IS CREATINE SAFE TO USE?
Creatine monohydrate is a hugely popular natural bodybuilding supplement and is used by many serious lifters in their quest for increased muscle size and strength.
Creatine increases your muscular power and overall gym performance, volumizes muscle cells, helps you retain more muscle during a cutting phase and also has several specific health benefits as well.
But is creatine safe to use?
As with many topics in the world of bodybuilding and fitness, creatine supplementation is surrounded by plenty of myths and misguided information in regards to its safety.
This is perpetuated by those who simply don’t know what they’re talking about or who have a hidden agenda to sell you some other “superior” product.
Let’s take a look at 5 of the main supposed “drawbacks” of creatine use, and why they are simply misguided…
Is Creatine Safe To Use? 5 Myths Shattered
Creatine Safety Myth #1: Creatine is a steroid.
Reality: Steroids are synthetic variations of the male hormone, testosterone. Steroids are illegal, banned substances and have extremely powerful effects on muscle growth, fat loss and recovery.
Creatine, on the other hand, is a 100% legal compound and is simply a combination of 3 amino acids: l-glycine, l-arginine and l-methionine. It is not a banned substance and has been sold over the counter ever since its release back in the mid 1990’s.
To suggest that steroids and creatine are even remotely similar is downright ridiculous.
Creatine Safety Myth #2: Creatine is stressful to the kidneys and liver.
Reality: Creatine is backed by more solid research than any other sports supplement in history, and all reliable studies have reached the same conclusion: creatine usage is both safe and effective in the short and long term when used within the recommended 3-5 gram per day dosage.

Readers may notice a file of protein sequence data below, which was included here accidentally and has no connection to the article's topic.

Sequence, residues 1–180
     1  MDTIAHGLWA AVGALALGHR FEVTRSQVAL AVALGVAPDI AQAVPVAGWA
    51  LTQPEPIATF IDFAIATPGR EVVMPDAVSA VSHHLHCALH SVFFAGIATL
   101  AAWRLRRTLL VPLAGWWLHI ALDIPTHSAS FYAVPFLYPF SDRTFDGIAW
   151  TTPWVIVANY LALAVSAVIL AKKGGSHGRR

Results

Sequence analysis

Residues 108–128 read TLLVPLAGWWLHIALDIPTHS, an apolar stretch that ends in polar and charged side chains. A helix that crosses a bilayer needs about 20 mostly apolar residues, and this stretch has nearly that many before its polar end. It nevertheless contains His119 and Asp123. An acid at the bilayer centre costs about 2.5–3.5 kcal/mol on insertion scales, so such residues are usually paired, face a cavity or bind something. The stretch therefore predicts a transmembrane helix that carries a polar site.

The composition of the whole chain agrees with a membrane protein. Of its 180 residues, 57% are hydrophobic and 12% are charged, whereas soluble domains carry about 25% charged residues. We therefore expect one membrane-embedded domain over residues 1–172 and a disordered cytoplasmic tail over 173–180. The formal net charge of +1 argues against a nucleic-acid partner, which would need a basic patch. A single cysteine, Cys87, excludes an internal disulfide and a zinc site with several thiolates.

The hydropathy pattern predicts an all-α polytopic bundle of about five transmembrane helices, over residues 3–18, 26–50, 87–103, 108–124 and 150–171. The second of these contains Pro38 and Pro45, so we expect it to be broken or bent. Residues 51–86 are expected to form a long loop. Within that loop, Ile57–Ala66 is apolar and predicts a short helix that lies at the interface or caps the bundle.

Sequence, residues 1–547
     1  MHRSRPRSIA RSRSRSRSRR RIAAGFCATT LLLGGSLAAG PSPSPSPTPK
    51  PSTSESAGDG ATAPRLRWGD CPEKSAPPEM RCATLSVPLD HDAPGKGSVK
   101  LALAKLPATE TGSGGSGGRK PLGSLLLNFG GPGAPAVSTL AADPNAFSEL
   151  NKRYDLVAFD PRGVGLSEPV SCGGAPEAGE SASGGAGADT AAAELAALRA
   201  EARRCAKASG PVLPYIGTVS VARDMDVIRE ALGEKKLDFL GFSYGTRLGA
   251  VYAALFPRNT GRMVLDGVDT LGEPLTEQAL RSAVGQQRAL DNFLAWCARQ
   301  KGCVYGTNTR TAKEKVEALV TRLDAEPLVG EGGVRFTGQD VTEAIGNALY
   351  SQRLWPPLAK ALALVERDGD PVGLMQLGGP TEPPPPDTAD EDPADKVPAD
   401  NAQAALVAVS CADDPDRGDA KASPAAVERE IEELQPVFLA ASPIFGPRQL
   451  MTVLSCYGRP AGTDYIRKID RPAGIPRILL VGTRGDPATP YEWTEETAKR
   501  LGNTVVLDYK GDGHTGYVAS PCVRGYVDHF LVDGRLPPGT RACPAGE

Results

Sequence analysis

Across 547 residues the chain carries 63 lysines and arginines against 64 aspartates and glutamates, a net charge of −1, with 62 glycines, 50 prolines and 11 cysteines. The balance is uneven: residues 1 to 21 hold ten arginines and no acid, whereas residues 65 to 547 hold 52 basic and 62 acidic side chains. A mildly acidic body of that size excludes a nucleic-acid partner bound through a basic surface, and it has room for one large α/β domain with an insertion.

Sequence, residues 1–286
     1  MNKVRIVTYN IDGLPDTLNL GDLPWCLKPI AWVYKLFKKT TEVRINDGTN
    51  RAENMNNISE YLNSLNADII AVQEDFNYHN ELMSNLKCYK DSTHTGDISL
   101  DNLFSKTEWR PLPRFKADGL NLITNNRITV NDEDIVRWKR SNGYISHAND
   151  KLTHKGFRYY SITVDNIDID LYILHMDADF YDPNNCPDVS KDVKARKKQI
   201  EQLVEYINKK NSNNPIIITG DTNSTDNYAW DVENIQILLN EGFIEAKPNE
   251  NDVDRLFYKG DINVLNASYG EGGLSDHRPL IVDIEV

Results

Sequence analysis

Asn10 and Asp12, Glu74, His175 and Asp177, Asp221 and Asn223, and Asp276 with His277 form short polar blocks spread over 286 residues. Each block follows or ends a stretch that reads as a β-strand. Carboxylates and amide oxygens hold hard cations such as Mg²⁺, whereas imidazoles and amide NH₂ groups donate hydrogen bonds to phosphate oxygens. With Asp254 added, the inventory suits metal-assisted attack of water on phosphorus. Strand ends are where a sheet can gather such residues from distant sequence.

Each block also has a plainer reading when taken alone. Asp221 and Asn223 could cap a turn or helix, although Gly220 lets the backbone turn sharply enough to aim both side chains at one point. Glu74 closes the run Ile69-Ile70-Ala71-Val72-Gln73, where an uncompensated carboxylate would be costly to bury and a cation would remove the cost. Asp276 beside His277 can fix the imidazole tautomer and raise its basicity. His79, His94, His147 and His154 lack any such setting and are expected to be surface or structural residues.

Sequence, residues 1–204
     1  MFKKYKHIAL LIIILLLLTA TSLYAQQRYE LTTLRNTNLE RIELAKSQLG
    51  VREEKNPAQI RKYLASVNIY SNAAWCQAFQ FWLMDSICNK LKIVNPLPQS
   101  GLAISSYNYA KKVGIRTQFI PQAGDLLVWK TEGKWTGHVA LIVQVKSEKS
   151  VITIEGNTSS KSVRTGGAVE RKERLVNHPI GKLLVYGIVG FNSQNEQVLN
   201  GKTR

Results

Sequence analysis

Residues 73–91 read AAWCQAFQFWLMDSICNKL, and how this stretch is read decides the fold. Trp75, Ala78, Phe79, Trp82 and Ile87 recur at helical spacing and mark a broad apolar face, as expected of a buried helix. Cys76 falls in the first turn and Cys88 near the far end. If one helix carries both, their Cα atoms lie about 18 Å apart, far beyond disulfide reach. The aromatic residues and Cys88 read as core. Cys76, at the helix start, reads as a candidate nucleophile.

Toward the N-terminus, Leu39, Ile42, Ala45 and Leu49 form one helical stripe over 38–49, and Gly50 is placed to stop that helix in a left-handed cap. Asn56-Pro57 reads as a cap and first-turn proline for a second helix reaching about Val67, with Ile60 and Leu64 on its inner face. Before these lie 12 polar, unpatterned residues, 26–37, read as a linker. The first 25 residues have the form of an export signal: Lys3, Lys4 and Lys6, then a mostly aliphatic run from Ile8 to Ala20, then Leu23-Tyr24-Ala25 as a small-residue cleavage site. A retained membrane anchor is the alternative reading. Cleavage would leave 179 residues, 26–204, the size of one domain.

No adverse effects on the kidneys, liver or any other area of the body have ever been demonstrated as a result of creatine use.
Creatine Safety Myth #3: Creatine causes muscle cramping.
Reality: This is what is known as a “post hoc fallacy”, where a bodybuilder or athlete will experience a muscle cramp and then illogically point the finger at creatine.
Sure, bodybuilders may experience a muscle cramp from time to time, and most of those bodybuilders will also be supplementing with creatine. However, it does not then follow that creatine is the cause of those cramps.
In fact, it appears that the opposite is true. A very large study involving 1500 participants (Dalbo, Roberts, and Kersick)actually showed that those supplementing with creatine had less instances of muscle cramping than those who were not using it.
Creatine Safety Myth #4: Creatine causes upset stomach.
Reality: The only time where creatine use may cause stomach issues is when a much larger than normal dosage is used, such as 15 grams or more.
As long as you stay within the recommended 3-5 gram serving size (about a teaspoon) you are not going to experience any issues with this.
Creatine Safety Myth #5: Creatine causes bloating.
Reality: Creatine requires additional water in order to be stored in your muscles, and when supplementing with creatine you will experience an overall increase in muscular water retention.
However, this water retention is entirely intra-cellular, meaning that it is stored directly inside of the muscle cell itself. “Bloating” is caused by subcutaneous water retention (directly beneath the skin), and creatine does not cause this.
Is Creatine Safe To Use? The Bottom Line
The simple reality on this issue is that creatine is both safe and highly effective in the short and long term.
This has been confirmed over and over again by piles of research, and no evidence suggests that creatine is dangerous or harmful to human health in any way.
Just make sure to stick with a high quality, CreaPure™ creatine monohydrate powder (as opposed to cheaper alternatives from China) and stay within the recommended 3-5 gram per day dosage.
As long as you do this, you’ll be able to naturally increase your muscular strength, power and fullness and without any adverse side effects.
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